An Appeal for the Indians.

Father BEESON, the well-known advocate of the Red Man, has undertaken the cause of Minnesota Indians who are under sentence of death for the outrages which they have committed in Minnesota. In a letter to President LINCOLN he says:

There are, I conceive, very grave reasons why capital punishment should not be inflicted upon these condemned Indians; for --

First-- They had, by treaty, given to our Government the largest and best portion of their lands, on condition of their receiving its protection, with means of self-sustainment by the arts of civilized life; but which it utterly failed of giving them, as the facts and the testimony of Bishop WHIPPLE and many others, fully prove.

Second-- The Indians are not recognized as citizens, under our Government, and not being protected by it, they owed no allegiance to it, and therefore cannot be considered in the light of rebels against it: therefore it is manifestly unjust to subject them to the penalty of laws, the administration of which affords them no protection against the "dishonesties of unscrupulous men."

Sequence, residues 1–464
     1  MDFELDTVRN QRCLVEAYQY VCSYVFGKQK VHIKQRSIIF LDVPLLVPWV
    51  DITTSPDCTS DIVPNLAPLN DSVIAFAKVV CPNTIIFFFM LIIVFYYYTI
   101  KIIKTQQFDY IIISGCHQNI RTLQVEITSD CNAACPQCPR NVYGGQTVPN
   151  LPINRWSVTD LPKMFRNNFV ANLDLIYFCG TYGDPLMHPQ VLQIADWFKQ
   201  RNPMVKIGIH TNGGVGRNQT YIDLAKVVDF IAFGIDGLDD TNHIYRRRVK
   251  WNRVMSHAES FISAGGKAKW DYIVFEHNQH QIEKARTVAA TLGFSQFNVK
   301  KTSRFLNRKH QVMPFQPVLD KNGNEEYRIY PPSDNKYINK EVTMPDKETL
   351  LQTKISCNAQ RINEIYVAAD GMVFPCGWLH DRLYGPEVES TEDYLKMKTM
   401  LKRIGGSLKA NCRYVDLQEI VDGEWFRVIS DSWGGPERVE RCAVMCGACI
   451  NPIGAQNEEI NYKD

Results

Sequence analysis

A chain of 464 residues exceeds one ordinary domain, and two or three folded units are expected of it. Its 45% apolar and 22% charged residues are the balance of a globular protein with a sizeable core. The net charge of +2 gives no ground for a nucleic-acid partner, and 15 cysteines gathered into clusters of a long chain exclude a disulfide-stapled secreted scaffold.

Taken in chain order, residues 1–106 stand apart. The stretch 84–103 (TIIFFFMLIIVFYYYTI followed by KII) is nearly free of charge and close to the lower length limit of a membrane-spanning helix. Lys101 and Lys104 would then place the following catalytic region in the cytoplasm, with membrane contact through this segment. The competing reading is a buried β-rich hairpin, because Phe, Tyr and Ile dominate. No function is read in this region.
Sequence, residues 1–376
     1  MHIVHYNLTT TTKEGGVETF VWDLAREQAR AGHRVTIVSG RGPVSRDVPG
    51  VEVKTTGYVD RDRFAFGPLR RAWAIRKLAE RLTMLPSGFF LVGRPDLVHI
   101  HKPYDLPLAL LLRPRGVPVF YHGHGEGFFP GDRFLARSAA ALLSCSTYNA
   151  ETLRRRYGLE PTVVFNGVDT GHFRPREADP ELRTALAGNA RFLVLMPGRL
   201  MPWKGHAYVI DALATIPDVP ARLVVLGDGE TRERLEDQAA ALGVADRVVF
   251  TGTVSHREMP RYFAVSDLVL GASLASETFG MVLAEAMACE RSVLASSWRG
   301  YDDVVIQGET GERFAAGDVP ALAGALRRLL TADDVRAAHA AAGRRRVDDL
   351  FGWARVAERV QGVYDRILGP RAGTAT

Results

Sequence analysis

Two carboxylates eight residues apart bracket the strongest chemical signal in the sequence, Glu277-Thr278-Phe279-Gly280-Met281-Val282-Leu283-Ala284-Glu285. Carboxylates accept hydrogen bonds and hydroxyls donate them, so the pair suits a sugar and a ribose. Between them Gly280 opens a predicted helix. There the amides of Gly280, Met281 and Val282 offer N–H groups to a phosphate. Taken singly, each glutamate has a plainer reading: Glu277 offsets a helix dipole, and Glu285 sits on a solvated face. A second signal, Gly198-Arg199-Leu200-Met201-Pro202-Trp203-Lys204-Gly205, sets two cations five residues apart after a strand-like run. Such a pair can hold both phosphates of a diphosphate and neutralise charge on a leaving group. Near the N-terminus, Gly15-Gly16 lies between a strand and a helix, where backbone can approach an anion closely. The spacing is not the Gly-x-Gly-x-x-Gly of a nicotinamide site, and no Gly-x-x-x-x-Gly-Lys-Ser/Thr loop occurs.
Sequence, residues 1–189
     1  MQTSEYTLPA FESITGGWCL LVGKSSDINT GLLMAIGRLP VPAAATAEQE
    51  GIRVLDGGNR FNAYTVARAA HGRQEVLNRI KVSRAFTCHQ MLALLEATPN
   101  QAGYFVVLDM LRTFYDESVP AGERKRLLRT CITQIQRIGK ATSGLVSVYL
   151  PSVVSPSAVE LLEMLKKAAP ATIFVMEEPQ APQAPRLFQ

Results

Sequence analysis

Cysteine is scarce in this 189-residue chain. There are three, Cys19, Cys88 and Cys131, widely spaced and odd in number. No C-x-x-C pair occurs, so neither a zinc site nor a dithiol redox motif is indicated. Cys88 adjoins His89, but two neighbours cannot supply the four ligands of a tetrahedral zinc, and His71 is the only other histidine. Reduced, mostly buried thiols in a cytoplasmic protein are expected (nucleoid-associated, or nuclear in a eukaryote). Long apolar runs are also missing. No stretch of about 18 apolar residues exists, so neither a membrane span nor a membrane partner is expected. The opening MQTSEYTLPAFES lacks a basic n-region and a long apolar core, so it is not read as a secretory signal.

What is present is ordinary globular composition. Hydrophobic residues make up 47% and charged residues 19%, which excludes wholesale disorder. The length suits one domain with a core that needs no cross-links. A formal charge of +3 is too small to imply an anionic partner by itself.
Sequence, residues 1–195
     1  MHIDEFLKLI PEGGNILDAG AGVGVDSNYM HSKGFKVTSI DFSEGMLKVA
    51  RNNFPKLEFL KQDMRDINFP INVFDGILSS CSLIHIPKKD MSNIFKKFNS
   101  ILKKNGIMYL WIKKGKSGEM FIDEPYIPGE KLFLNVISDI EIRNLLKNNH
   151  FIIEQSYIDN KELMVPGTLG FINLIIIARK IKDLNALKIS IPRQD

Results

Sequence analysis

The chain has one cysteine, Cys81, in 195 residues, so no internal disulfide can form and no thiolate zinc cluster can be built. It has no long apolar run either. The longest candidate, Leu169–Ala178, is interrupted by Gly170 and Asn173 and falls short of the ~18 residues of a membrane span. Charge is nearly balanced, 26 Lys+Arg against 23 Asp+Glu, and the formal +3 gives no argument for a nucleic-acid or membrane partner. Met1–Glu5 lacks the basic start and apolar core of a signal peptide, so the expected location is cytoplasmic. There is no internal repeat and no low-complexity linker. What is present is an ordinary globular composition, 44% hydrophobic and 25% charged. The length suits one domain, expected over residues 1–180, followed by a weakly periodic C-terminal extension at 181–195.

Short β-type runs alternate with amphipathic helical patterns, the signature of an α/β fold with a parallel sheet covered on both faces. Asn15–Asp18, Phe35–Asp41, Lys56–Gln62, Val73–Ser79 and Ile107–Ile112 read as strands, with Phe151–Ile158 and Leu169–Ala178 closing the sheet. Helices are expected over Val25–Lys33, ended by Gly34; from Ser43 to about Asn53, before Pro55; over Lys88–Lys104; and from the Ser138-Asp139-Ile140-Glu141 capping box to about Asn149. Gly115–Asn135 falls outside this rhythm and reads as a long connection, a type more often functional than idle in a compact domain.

Third-- There is reason to believe that the Indians were not only excited to hostilities by traitorous white men, but were actually accompanied and led on by white men dressed up in disguise as Indians. * * * I invoke you, Sir, whom the Indians are taught to regard as their Great Father, to respond to this appeal by the appointment of able and honest men, who are competent, by the possession of wisdom and experience, to investigate the condition and needs of every tribe, or remnants of tribes in all our States and Territories, and to prepare a plan for their best and permanent well-being. * * * The work to be done is simply to ascertain what of right belongs to them, and then set it apart as sacred for their use, in freedom and in peace. And if agents or armies are necessary at all, they sould be placed outside the Indian Territory, to prevent the intrusion of "unscrupulous" thieves and vagabonds who infest all our Territories.